Why my mistakes are not me

Have you noticed how people use shaming language?

Let me explain.

A small child is struggling to do something which is beyond their age related ability to complete. An impatient parent grabs the item from them saying: “You are so useless, I’ll do it”.

A child in school forgets to write their name on their exam paper. The teacher hands the other students their papers and announces in a loud voice that xx is a failure yet again because they didn’t put their name on their paper.

You make a mistake and your self talk immediately tells you how useless you are for making that mistake.

SHAMING LANGUAGE MAKES YOU BELIEVE YOU ARE USELESS

Can you relate to any of these examples?

I sure can.

How do you respond to the shaming of these examples and other incidents?

Do you believe those words are true and you are shameful? Do you then try to suppress those feelings of shame?

CHANGING THE LANGUAGE OF SHAME

What if instead of shaming and suppressing you changed the language?

What if you reframed those words instead?

Instead of:

• “You are useless” because you made a mistake. Try “I made a mistake”

• “you are so stupid” because you did something you think is wrong try “that was not the best idea” or “that idea didn’t work. What else can I try?”.

• “Why does this happen to me?” Try “Oh this is interesting, what can I learn from this?”

• “Why can’t I do this?” Try “how can I make this work?”

• “Why is this happening?” Try “what can I do to change this?”

• “How could they do this to me?” Try “how can I use this?”

• “Why can’t I make enough money?” Try “how can I add more value?”

• “Why is there never enough time?” Try “what can I alter to fit in these things I really want in my life.”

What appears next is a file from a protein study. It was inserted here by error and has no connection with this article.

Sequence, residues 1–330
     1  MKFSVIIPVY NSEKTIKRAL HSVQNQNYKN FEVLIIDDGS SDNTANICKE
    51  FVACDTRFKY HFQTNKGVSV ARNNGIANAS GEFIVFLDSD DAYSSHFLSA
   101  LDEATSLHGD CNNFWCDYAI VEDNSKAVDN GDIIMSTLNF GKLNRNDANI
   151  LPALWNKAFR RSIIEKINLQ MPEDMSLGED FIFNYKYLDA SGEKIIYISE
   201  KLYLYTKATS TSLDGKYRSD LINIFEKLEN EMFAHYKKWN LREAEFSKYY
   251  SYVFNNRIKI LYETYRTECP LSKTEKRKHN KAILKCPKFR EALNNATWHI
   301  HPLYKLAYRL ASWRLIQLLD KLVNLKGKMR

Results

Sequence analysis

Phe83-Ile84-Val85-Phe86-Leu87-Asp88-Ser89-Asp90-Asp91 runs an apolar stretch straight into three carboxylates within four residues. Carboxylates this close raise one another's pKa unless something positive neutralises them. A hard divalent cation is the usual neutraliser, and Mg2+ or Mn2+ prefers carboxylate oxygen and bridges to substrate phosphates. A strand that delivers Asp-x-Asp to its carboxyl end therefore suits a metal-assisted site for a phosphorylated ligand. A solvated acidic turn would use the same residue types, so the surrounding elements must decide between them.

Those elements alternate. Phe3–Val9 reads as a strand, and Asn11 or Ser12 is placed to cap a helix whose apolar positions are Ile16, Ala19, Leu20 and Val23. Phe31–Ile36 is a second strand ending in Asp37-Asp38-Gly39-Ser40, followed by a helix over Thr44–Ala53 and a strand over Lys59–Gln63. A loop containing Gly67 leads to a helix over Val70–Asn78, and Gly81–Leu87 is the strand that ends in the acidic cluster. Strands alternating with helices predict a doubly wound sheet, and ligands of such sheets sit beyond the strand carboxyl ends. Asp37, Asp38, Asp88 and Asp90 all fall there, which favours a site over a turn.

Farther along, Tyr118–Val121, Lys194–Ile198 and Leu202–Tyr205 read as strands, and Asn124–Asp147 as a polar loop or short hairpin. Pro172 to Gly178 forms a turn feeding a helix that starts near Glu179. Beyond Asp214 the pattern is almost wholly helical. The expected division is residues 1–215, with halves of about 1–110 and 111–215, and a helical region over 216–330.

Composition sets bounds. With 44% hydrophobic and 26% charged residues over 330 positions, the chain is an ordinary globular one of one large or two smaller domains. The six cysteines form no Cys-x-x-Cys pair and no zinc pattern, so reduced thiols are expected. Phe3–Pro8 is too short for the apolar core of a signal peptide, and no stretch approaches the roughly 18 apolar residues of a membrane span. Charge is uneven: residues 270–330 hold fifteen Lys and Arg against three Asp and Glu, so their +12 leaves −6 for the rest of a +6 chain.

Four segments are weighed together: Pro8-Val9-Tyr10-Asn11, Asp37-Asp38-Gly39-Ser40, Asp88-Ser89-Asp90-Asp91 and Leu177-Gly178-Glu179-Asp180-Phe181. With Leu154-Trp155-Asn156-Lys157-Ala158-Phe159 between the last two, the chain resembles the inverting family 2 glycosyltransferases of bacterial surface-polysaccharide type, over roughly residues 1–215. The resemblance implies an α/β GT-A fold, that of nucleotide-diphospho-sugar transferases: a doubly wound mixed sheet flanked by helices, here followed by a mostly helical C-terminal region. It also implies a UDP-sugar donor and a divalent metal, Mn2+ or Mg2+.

• “I am so useless, I don’t know how to do this”. Try “I don’t know how to do this, who can I ask for help?”

QUESTIONING THE LANGUAGE OF SHAME

When those thoughts pop into your head try asking yourself:

• Is it true? (Am I really stupid?)

• Is it sensible? (to think I am stupid)

• Is it helpful? (to say this about me – short answer NO)

After you have established what you have just said is not true, sensible or helpful, try reframing it.

REVIEWING THE THINGS YOU DO TO SEE THE POSITIVE ACTIONS

When you do something, it can be really helpful to review how it went. Next time try asking yourself these questions?

• What went well?

• What can be done differently next time?

• Is there anything I need to ask someone about, or learn more about?

I AM NOT MY ACTIONS

Don’t buy into shaming yourself. You are human which means you make mistakes. You don’t always know how to do anything. You don’t always get things right. The mistakes you make are not you they are just actions.

As a child once told her teacher – I am not messy I am making a mess. (Brené Brown).

There is a distinction.

One is wrong (I am messy) and one is right (I am making a mess).

Make sure your self talk switches to the statement that is right.

If you would like to talk to me about how I can help you learn to see yourself as the wonderful person you are, please contact me on 0409396608 or nan@plentifullifecounselling.com.au

If you would like to learn more, I write a regular newsletter with interesting information, tips, information on courses, and the occasional freebie. At the moment I have a free mindfulness meditation for anyone who signs up to my newsletter. This meditation offers a way to safely explore your feelings and learn to be okay with them. If you would like to subscribe please click on the link here: http://eepurl.com/g8Jpiz

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